Information Gathering

Sometimes employers don’t widely publicise their vacancies, or aren’t fully aware of their employment needs until presented with a suitable candidate. You can take advantage of this through a creative job search (read our guide on speculative applications for more information).

Identifying contacts

Explore the sector you wish to gain experience or work in, using business directories and current vacancies to find relevant contact details for those in hiring positions. You can also ask family members, friends, lecturers and other people you know if they have any contacts in your area of interest.

Information Interviewing

This is a process of arranging an informal meeting to ask people about their work - it is a good exercise to gain insight into companies and job roles as well as develop your network. Most people will respond positively to requests to talk about their position as long as you are not going to ask about your own hiring potential. A good approach to arrange an interview is to email a contact - or the company in general - saying that you are interested in working in their field, and are looking to gain more information about the industry. Make it clear that you are after information and insight rather than a position within the company.

Once you have arranged the meeting, think about what you wish to know. Some possible ideas are:

After your meeting, follow up with a thank you letter. Keep any notes you made for future reference.


Additional Tips

  1. Take Responsibility
    Make your job search your responsibility. While the people around you can support you, give advice and contacts - it isn’t for them to get your job for you.
  2. Maintain Balance
    Your job search is important, but so is the rest of your life. Making time for family and friends, playing sport/exercising and keeping up with your hobbies will save you from feeling too stressed - and additionally help you in being a well-rounded, highly employable candidate. Set time limits for your job hunting to look after your wellbeing.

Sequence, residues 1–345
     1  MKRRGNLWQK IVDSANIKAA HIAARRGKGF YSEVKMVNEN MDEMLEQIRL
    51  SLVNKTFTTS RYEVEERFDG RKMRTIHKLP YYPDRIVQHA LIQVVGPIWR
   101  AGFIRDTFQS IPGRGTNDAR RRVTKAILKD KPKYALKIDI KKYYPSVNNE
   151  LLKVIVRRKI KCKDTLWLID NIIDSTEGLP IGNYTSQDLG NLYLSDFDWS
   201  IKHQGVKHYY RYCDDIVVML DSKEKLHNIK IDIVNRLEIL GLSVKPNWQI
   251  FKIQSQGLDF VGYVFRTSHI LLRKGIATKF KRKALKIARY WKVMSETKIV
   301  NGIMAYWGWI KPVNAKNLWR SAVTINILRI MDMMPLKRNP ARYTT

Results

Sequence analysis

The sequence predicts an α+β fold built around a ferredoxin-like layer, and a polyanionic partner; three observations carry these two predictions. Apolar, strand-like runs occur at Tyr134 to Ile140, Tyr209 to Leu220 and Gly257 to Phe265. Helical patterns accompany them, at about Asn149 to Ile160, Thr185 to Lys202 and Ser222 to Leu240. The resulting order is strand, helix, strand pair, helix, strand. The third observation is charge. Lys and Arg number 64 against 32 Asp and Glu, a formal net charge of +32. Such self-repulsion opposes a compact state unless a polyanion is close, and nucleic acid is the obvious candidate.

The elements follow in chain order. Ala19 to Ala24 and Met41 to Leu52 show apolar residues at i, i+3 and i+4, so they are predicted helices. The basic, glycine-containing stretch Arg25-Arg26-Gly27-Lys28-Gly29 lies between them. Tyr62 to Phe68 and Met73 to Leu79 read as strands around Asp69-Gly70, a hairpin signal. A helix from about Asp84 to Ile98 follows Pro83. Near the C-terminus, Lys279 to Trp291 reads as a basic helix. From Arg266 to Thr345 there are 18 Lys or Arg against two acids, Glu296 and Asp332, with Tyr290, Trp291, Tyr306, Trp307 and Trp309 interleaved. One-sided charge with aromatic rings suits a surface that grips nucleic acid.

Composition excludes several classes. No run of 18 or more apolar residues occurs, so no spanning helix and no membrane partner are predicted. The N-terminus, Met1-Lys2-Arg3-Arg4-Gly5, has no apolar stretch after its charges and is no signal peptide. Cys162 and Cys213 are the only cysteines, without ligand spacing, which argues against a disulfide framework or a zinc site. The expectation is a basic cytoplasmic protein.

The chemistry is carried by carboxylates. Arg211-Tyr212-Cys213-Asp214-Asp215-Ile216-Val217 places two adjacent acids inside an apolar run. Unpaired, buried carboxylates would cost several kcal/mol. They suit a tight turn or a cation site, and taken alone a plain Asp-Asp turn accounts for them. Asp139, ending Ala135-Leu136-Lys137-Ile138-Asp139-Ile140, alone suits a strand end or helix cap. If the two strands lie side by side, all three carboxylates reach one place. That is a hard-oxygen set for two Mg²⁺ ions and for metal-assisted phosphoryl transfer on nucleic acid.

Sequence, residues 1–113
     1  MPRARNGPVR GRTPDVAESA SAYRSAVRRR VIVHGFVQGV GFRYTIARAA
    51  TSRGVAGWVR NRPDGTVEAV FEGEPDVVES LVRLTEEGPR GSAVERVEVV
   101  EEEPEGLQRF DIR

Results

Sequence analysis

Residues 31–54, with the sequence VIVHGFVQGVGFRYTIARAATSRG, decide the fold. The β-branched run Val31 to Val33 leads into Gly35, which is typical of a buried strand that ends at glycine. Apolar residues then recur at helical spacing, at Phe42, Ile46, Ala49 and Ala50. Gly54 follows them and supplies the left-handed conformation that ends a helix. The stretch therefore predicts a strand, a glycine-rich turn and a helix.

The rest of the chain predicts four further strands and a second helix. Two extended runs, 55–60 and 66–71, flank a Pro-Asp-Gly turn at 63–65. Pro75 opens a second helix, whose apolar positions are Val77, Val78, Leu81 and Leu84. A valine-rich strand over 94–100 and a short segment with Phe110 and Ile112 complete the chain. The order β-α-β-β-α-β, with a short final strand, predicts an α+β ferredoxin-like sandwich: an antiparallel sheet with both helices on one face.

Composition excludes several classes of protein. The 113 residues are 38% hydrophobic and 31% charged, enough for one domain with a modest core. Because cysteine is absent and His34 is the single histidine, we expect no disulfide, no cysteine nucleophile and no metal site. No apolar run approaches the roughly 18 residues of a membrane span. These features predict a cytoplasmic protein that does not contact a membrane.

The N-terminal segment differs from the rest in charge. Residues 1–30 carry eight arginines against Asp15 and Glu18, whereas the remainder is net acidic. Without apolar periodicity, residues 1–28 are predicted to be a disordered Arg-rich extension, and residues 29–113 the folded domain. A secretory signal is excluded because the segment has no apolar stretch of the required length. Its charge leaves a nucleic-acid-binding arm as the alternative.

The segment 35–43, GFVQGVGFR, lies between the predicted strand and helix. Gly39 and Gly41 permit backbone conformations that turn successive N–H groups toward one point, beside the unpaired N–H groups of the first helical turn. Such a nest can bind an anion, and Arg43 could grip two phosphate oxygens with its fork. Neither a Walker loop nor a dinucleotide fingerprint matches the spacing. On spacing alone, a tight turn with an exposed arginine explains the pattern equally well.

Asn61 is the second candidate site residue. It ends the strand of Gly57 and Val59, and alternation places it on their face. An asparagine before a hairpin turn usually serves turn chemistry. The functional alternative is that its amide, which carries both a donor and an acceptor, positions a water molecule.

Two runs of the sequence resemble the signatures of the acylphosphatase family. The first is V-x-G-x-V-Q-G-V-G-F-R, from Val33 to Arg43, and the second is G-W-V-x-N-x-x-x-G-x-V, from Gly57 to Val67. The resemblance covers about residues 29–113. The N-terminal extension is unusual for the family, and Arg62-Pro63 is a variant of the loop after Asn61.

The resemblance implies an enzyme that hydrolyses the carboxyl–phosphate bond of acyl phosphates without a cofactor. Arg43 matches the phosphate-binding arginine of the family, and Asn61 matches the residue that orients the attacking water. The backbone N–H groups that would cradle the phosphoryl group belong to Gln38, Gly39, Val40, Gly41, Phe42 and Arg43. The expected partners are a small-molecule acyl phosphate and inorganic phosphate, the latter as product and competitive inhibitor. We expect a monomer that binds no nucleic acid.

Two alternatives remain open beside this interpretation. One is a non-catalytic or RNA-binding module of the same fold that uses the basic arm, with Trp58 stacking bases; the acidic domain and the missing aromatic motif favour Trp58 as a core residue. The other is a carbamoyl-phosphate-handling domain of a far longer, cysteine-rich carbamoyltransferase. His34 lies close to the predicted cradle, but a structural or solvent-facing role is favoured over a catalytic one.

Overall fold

3. Develop Resilience
    Everyone has knockbacks. Take this as an opportunity to improve, or simply reflect that it’s not your fault - you are up against tough competition, and not everyone can win when there is only one role available. Sometimes being rejected from a role can be a good thing - the role or environment may not have been as appropriate for you as you first thought.
  4. Get Feedback
    Seek as much feedback as you can. Whether it be from your friends, the University’s Careers & Employability service or lecturers. If you get knocked back from a role, it’s always worth asking for feedback to find out areas you missed - but respect when a company says they cannot provide it.
  5. Stay Focused
    Applying for every single job you come across could hinder your search. You may find yourself confused as to what you’ve applied for, which could lead to issues when you find that one of your applications has been successful - don’t be the person who shows up to a job interview not knowing which role or company you are interviewing for. Taking more time on fewer applications will give you higher quality applications, and an easier time knowing what you have done.
  6. Be Confident
    Push yourself - tell people how good you are. Show employers the value you will bring to their business. A job application is not the place to be humble - developing your confidence and self awareness of your positive qualities is essential to impressing employers with your application.

Get this guide as a PDF

 

Work Experience Work Experience
Step Two Workbook
Sector Specific Vacancies Sector Specific Vacancies